Picking a Spot: It is important to head to a well-used spot and to check that spot’s conditions. It is also vital to check the condition of your abseiling or climbing protection in extreme canyoning.

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Clambering over the rocks. By: Nour El-Helbawy

Where else to go Canyoning?

If you are looking for some exotic places then Costa Rica (Arenal Volcano) or even Canada (Agawa Canyon) are amazing places for the Sport. Utah is the foundation to some of the most amazing spots around the world (Zion National Park). (Blue Mountains) in Australia and (Cape Town) in South Africa.

The Process?

We were transferred by bus from our meeting point in Split to Omis where we headed to the camp to have a brief introduction to what we were about to do. We were also provided with the equipment needed for the activity. We took another bus from Omis to the starting spot.

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Getting ready before moving to the canyon. By: Iris Adventures
We then started hiking down the mountains to the canyon; rapelling down the cliff into the water was a great start for the adventure. Once you reach the bottom of the cliff, the canyoning quest starts.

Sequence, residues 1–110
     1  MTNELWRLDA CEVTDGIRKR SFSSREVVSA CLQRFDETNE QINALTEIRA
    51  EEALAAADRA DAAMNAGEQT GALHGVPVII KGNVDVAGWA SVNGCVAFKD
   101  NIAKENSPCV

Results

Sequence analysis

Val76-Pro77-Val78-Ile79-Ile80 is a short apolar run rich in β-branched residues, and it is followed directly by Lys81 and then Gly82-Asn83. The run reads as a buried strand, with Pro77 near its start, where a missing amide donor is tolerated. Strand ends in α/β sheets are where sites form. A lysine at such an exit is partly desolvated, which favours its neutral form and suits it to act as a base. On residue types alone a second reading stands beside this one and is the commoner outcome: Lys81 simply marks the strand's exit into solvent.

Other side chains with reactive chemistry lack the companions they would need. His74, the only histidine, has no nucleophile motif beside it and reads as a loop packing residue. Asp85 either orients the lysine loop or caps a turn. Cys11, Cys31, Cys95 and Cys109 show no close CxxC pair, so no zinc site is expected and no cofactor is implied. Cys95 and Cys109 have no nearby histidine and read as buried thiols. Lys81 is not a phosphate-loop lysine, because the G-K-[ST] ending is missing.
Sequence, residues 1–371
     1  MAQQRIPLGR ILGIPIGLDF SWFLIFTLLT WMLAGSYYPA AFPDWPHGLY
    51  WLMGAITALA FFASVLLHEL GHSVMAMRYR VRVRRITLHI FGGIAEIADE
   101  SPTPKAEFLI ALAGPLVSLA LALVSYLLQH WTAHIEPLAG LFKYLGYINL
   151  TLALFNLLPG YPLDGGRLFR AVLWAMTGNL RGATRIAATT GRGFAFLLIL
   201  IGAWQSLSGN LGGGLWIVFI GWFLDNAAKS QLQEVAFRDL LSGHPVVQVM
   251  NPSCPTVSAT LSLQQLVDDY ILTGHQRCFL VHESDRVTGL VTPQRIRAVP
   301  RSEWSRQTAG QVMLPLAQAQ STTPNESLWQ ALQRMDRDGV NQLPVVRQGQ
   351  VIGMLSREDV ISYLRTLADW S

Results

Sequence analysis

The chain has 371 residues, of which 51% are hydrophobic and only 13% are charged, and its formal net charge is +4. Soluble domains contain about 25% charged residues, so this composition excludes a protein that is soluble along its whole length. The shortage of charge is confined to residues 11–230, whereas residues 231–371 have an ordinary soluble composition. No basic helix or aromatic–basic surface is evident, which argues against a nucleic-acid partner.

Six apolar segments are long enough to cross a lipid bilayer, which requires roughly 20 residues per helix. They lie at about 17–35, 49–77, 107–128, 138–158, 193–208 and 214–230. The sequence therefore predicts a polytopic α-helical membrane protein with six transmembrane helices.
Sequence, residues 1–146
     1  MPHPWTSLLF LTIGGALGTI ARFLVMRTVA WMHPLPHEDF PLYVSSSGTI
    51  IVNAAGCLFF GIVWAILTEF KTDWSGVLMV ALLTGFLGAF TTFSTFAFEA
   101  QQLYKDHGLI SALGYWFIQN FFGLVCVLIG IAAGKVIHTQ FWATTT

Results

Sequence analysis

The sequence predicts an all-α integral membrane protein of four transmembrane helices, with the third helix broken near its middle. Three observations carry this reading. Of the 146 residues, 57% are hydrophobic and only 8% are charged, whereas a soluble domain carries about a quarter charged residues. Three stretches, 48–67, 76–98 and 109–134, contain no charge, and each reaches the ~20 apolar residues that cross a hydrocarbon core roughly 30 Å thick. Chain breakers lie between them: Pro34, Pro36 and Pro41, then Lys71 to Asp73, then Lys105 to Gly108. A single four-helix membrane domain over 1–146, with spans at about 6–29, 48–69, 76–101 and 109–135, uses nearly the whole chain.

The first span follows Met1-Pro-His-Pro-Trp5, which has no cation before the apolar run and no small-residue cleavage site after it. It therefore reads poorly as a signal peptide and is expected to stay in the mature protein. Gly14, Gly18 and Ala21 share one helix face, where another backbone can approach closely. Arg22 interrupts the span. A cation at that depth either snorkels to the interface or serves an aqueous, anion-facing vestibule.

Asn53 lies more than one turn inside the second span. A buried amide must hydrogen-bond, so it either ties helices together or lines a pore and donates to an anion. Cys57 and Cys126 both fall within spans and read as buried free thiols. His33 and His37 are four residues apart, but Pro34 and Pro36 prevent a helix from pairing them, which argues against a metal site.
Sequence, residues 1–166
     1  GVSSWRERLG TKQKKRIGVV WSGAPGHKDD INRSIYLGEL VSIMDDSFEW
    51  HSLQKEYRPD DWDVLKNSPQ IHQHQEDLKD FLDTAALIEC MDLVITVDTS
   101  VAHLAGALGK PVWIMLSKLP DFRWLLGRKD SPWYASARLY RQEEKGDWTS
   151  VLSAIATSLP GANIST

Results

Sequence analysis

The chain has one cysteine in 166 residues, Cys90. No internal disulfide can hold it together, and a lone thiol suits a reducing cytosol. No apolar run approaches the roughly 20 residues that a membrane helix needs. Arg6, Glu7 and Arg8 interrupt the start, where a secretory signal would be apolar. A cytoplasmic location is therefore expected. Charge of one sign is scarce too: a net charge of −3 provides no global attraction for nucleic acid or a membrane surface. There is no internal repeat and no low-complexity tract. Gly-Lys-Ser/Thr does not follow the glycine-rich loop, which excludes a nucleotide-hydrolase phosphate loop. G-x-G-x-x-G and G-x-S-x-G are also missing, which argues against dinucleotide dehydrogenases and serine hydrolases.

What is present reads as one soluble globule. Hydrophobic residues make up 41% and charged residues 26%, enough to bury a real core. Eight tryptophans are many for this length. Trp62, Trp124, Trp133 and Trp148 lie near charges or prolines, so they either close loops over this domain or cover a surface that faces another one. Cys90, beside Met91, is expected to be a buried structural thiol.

Then we began swimming down the river while clambering over the rocks and jumping between them. Sometimes you’ll find yourself floating and relaxing your body while the current moves you. There are also some edgy places that you’ll face; you’ll either jump off the cliffs or find another route to move down and through. This takes about 2 hours to reach the other side of the river where you’ll reach a tranquil lake.

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Walking on the cliffs with side ropes. By: Nour El-Helbawy

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Rappelling down the cliff into the river. By: Iris Adventures

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Following the cliff jump. By: Nour El-Helbawy
And then comes another hike out of the canyon until you reach the buses that transport you out of the area. The process is a bit tiring but it is worth it and it is definitely one of a kind. The route is great and you will certainly enjoy it and experience nature at its best.

 

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Our way back from the canyon to the bus. By: Nour El-Helbawy

The Unfortunate Events in My Travels

Anybody who has traveled for any duration of time clearly knows that sometimes you have to face some unexpected dreadful feelings. The list can go on whether it’s a bad flight experience, frauds, sickness, and for some it might be extremely worse than that. The bad days are really inexorable the more often you travel. Traveling can be great and life-changing but certainly traveling doesn’t go as planned all the time; anything can easily go wrong.

Traveled With My Friends’ Passports to Another Country